Background To date, there are no approved pharmacotherapies for treating methamphetamine abuse; evidence-based treatments for methamphetamine abuse include cognitive behavioral therapy and contingency management.
Objective The purpose was to evaluate long-term outcomes for methamphetamine-abusing individuals assigned to different treatment protocols.
Methods Participants were randomly assigned to one of four 12-week treatment conditions (sertraline only, placebo only, sertaline with contingency management, and placebo with contingency management). All subjects in this study (N = 180) received a drug counseling platform that involved thrice weekly (Monday, Wednesday, and Friday) 90-minute group sessions of manual-driven cognitive behavioral therapy and provided self-report and urine samples.
Results Subjects reported a clinically relevant reduction in number of days of methamphetamine use from baseline (M = 12.23, SD = 9.00) to termination (M = 4.66, SD = 8.49), at 6-month (M = 4.44, SD = 8.19) and 12-month (M = 5.89, SD = 9.33) follow-up. The percent of subjects providing methamphetamine-free urine at baseline was 49%, which compared to 71%, 68%, and 71% at termination, 6- and 12-month follow-up evaluations. Depression scores also showed significant reductions from baseline (M = 13.96, SD = 8.66) to termination (M = 5.08, SD = 6.56), 6- month (M = 5.26, SD = 5.48) and 12-month (M = 6.17, SD = 7.20) evaluations. Longitudinal analysis of post intervention outcomes indicated no group or time differences.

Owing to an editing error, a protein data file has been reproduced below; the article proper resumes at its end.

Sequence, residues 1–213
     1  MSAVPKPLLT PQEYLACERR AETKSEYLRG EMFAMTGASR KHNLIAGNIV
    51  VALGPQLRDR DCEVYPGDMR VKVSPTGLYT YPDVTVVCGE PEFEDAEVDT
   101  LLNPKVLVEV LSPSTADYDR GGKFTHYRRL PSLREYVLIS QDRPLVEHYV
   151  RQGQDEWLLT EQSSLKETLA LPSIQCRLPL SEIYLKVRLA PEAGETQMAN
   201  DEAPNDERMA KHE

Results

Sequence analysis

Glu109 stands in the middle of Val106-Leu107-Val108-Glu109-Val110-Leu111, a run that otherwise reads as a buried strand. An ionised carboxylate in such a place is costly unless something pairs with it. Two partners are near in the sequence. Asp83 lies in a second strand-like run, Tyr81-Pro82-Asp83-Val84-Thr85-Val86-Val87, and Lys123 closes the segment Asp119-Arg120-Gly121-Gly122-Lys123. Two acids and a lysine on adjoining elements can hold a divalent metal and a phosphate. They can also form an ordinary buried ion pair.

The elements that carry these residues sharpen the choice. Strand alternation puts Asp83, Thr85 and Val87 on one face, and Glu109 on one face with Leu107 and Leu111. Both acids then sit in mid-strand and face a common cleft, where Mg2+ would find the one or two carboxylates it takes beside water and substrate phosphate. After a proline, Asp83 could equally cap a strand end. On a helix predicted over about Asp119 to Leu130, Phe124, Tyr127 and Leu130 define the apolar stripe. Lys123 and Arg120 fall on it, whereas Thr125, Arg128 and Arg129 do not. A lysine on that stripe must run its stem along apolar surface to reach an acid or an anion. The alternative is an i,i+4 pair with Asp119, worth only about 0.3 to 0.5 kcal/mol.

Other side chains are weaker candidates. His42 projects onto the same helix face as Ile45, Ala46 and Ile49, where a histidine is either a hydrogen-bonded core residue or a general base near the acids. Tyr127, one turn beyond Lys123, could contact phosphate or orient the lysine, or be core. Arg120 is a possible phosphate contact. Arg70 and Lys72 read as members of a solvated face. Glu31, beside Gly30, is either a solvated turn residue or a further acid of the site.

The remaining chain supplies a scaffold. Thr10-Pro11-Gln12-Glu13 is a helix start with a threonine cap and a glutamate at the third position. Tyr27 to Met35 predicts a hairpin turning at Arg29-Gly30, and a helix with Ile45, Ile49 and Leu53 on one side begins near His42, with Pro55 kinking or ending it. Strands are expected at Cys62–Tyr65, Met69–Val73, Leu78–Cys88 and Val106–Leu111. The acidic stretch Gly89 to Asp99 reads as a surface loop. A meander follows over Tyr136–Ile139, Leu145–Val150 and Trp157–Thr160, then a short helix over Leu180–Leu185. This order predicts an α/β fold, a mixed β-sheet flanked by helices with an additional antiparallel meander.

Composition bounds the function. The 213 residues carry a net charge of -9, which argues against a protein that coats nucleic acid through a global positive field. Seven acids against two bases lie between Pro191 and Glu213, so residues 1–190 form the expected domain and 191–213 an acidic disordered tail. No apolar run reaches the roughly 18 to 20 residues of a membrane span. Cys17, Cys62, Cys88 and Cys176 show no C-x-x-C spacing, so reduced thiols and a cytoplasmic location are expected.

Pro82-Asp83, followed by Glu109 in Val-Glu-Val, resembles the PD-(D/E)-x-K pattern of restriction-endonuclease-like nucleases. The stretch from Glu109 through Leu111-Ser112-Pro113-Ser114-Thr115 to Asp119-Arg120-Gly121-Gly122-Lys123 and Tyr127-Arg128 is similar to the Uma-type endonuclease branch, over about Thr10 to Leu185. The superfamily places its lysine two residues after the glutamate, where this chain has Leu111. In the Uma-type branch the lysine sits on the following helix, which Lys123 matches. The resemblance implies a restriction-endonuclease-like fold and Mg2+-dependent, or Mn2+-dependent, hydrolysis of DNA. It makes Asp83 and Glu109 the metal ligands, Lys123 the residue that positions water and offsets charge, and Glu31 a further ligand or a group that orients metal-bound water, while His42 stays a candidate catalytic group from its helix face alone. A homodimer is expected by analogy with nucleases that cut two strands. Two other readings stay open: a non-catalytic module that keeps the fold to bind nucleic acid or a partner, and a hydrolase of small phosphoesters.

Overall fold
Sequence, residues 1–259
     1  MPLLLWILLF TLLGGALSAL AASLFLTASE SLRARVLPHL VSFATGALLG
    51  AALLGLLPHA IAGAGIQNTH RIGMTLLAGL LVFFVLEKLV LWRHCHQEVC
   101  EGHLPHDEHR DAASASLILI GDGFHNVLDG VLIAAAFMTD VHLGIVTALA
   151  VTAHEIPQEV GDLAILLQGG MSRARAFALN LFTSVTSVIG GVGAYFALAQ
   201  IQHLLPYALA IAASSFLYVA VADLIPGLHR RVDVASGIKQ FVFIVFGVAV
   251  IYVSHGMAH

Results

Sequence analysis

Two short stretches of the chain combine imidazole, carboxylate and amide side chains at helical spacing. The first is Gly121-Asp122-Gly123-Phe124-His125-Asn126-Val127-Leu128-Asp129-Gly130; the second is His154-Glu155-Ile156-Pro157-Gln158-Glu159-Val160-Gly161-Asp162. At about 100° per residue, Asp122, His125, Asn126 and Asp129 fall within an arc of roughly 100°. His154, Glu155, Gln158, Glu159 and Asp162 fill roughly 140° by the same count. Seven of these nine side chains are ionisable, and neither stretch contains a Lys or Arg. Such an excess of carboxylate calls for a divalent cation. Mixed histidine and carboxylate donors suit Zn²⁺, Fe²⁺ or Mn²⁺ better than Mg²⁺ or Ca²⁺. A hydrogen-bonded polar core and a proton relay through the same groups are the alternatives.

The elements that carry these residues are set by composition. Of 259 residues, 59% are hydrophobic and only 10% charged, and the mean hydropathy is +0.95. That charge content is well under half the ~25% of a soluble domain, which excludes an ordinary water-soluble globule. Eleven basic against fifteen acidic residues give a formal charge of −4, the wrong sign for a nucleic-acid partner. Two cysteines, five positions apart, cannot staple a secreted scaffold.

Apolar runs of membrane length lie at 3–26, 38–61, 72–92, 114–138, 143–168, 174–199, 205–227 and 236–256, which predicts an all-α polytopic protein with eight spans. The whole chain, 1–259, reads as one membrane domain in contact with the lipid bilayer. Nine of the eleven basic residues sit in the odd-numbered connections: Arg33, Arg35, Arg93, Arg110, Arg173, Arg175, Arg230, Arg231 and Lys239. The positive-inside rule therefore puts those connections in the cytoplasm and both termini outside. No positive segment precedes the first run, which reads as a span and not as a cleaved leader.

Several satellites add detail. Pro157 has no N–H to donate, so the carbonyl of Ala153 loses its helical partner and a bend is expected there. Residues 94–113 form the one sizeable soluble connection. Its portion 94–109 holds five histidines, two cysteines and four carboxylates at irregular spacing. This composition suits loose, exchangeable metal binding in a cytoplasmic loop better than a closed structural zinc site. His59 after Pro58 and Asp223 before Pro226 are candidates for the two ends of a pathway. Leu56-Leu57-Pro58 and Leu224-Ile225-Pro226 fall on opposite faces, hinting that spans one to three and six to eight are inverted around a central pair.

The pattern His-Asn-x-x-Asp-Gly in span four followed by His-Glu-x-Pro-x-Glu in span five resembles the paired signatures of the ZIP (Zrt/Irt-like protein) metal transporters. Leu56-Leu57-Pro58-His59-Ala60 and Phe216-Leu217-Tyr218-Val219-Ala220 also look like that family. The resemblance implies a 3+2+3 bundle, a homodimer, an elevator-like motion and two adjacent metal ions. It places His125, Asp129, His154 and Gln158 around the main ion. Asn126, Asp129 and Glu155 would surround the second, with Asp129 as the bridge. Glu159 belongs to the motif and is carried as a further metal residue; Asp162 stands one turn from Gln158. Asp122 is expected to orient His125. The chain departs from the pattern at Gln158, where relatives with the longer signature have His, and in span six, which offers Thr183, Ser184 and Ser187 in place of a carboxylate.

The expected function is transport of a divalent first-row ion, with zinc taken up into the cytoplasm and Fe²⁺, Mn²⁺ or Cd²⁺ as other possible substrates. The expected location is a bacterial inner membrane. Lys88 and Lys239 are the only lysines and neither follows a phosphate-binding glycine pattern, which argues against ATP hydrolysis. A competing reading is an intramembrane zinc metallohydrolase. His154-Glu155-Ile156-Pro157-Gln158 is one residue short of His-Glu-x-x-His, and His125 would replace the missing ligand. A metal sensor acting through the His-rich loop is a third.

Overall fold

Conclusions Previous analyses demonstrated that, during treatment, participants in the sertraline condition had significantly poorer abstinence and retention outcomes compared to those in the placebo condition. Furthermore, subjects that received contingency management were significantly less likely to use methamphetamine compared to those not assigned to receive this therapy. The current study adds to previous findings by demonstrating that there were no measurable differences between conditions at the long-term evaluation. Hence, there is no evidence to support further evaluation of sertraline as a putative pharmacotherapy for methamphetamine abuse.
The authors gratefully acknowledge support from the following NIH grants: 1P50 DA 18185; MIDARP 1R24 DA017298.
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